Trumps asks if the West has the will to survive
07 July 2017 | 9:05 am
At a speech in Warsaw, Poland, the U.S. President Donald Trump said on Thursday (July 6) that the defence of the West ultimately rests on the will of its people to prevail and questioned whether the West has the will to survive.
The top court ruled last week that parts of EU law were "incompatible" with the Polish constitution The ruling has been criticized by EU leaders and fueled speculation that Poland may one day leave the 27-nation bloc.
Poland and the European Union have been at loggerheads this week over the country’s rejection of parts of EU law. But tensions have not emerged overnight. Despite the country’s overwhelming grassroots support of EU membership, bitter disputes over judicial matters and social policy have emerged since the Law and Justice (PiS) party came to power in 2015. While Prime Minister Mateusz Morawiecki insists that Poland's place is in the EU, some believe that the latest clash could signal the start of a ‘Polexit’.
The injuries were mild, officials said, in the second such scuffle in three days. Poland has drastically increased its military presence at the border with Belarus as people seek to enter the EU by the thousands.
The European Court of Justice has fined Poland €1 million per day for ignoring an EU ruling that called for the country's Supreme Court disciplinary chamber to be suspended.
Poland's lower house of parliament will debate a law barring Pride parades on Thursday. The bill was put forward by a conservative anti-abortion rights group that gathered the necessary signatures.
Warsaw has reacted with outrage to the European Court of Justice ruling to impose a daily fine of €1 million. Opposition lawmakers have accused the government of acting irresponsibly and wasting Polish taxpayers' money.
Since August, thousands of migrants have been trying to cross the Polish border from Belarus. They have come from Yemen, Syria, Iraq or the Democratic Republic of Congo, hoping to enter the European Union. Poland has accused Belarusian head of state Alexander Lukashenko of instrumentalising migrants in a feud with the EU, and has opted to deport them. Turned away from both sides, men, women and children find themselves stranded along the border in the middle of the forest.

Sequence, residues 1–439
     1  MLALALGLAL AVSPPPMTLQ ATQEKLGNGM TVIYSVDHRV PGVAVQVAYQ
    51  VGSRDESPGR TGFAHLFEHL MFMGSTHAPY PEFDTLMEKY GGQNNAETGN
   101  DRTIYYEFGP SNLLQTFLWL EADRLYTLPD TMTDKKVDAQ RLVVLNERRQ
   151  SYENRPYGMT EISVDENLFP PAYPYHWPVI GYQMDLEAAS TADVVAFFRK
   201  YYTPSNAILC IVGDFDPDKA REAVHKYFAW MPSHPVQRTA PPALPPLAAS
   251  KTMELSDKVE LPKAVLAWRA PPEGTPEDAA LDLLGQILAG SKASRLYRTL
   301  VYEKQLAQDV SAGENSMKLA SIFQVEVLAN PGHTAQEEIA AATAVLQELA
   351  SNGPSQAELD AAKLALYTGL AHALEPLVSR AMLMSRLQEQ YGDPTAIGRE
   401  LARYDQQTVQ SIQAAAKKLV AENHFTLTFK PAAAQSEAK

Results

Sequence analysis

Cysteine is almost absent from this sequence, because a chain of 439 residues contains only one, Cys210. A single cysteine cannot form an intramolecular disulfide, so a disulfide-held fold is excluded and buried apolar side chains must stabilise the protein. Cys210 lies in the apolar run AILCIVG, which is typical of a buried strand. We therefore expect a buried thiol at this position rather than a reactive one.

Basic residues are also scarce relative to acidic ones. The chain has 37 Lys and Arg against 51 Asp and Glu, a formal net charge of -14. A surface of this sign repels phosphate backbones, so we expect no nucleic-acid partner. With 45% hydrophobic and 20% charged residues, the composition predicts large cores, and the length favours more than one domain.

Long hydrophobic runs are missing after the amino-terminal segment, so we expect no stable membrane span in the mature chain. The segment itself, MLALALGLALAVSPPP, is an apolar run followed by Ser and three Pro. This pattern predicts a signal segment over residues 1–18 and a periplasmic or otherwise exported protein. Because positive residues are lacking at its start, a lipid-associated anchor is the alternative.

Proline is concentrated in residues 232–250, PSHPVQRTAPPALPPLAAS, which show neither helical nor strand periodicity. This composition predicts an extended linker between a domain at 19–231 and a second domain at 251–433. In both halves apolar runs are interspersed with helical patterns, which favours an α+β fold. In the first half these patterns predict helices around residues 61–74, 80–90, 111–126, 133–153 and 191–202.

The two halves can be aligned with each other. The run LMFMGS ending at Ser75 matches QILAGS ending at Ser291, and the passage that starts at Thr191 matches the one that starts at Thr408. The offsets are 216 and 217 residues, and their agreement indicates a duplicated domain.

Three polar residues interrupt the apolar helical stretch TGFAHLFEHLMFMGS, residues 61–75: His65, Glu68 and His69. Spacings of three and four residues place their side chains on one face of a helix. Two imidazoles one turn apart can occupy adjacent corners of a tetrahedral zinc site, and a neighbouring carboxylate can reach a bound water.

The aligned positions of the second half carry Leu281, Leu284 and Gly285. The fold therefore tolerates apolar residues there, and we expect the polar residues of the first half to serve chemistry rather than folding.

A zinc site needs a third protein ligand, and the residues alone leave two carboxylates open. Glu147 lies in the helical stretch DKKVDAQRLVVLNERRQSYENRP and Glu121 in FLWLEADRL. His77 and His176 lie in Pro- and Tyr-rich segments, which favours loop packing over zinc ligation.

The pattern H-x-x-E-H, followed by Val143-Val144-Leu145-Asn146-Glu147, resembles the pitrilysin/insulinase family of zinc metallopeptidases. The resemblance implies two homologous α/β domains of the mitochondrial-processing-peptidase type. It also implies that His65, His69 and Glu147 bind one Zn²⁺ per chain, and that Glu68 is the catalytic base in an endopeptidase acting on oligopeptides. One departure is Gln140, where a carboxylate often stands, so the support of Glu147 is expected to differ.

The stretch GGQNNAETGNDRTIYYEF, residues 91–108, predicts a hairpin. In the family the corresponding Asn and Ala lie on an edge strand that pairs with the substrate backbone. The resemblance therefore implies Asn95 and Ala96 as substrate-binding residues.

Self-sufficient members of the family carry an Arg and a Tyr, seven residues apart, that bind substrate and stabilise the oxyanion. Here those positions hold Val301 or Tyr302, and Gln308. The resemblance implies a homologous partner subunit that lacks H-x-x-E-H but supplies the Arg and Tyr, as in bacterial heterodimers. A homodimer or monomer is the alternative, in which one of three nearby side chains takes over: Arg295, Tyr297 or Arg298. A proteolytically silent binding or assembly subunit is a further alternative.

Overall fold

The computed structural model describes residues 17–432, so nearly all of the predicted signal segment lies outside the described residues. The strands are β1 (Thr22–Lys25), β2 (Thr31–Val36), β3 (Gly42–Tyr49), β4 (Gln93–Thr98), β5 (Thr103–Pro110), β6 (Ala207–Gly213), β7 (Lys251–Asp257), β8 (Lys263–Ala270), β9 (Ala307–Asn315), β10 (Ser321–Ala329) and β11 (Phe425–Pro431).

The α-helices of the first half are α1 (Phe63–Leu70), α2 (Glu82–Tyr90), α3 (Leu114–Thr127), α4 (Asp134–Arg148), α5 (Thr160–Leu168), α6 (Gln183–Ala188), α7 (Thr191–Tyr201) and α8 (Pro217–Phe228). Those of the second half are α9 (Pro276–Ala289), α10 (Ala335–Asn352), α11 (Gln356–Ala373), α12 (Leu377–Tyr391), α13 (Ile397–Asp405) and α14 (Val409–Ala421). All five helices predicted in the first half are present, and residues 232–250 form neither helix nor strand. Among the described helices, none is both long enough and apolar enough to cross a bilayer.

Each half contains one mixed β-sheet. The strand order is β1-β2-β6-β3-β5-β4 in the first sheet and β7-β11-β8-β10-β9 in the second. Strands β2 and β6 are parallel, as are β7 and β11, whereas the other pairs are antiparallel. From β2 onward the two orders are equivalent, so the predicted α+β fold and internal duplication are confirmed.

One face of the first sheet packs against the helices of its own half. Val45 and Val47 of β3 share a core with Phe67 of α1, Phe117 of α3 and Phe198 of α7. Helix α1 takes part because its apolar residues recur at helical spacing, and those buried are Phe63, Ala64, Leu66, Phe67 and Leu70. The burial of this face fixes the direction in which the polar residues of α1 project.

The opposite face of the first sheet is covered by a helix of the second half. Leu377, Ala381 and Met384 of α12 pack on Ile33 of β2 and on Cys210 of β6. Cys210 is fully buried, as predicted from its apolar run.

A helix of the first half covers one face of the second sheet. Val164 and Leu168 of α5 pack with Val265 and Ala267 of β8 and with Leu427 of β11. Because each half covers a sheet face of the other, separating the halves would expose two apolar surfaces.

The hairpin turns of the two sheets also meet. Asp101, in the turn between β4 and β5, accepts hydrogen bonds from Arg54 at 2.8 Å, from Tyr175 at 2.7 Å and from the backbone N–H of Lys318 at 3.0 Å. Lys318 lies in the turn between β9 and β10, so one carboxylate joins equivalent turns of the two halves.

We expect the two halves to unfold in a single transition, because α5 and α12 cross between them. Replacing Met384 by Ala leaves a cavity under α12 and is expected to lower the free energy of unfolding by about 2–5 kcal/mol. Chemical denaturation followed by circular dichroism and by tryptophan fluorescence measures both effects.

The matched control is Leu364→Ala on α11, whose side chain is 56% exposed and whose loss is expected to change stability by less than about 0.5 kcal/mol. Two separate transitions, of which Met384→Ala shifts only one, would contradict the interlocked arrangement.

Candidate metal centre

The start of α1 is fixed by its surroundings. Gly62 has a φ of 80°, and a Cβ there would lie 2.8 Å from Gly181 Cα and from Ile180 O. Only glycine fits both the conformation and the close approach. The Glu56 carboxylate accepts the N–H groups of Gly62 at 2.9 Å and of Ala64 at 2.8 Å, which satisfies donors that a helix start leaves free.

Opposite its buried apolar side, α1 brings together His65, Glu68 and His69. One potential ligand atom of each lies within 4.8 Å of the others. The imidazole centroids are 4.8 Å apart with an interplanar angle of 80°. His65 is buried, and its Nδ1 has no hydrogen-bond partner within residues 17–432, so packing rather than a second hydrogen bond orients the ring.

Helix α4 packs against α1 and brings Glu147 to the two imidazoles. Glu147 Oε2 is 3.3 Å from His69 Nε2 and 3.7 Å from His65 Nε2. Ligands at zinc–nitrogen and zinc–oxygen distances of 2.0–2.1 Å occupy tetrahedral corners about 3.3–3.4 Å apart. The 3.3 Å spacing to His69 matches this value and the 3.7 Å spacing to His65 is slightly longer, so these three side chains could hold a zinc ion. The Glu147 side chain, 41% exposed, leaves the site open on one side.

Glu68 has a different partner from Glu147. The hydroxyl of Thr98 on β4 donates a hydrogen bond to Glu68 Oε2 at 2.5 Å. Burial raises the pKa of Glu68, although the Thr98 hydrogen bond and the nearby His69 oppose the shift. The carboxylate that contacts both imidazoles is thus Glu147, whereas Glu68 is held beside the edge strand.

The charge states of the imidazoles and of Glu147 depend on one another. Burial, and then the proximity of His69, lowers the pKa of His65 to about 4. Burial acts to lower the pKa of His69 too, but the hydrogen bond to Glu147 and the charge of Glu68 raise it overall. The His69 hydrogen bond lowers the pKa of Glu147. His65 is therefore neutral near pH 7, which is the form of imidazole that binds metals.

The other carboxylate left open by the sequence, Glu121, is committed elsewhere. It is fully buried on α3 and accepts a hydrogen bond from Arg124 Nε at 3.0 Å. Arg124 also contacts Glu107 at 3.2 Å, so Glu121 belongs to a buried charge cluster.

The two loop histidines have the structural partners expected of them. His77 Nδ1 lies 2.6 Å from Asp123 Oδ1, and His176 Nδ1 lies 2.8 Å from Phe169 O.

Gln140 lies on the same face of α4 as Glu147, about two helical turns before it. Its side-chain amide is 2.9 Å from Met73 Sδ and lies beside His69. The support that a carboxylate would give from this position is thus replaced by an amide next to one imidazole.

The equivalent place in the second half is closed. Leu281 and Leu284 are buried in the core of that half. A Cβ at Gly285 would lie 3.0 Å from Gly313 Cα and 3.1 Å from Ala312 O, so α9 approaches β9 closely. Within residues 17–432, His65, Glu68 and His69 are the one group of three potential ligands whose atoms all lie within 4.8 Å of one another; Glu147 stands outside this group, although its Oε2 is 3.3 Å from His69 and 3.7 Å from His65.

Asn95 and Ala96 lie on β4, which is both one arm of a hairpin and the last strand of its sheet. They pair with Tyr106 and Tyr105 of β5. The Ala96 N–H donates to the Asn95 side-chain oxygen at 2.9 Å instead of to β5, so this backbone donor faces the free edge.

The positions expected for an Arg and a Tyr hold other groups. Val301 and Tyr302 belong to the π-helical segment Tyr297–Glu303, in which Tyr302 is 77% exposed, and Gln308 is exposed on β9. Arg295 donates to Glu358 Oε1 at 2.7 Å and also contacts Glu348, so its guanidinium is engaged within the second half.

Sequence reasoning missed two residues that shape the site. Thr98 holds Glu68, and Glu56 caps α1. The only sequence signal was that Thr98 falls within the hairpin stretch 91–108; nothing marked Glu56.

Poland says it has summoned the Belarusian charge d'affaires, Alexander Chesnovsky, after Belarusian soldiers armed with long guns crossed into Polish territory.
After the European Union imposed sanctions on Minsk last june over serious human rights violations, a new humanitarian crisis is developing at the borders of Belarus and the EU.European leaders accuse Belarusian President Aleksander Lukashenko’s government of retaliating by pushing thousands of Afghan and Syrian refugees into neighbouring eastern European countries, which in response have sealed their borders.
The European Court of Human Rights has found Poland denied two judges the right to a fair job nominating process. The verdict was the latest legal knock against Warsaw's controversial justice reforms.
The Kremlin said Russia is trying to resolve the situation. The EU is reportedly preparing sanctions against a Russian airline over the transportation of migrants to Belarus.
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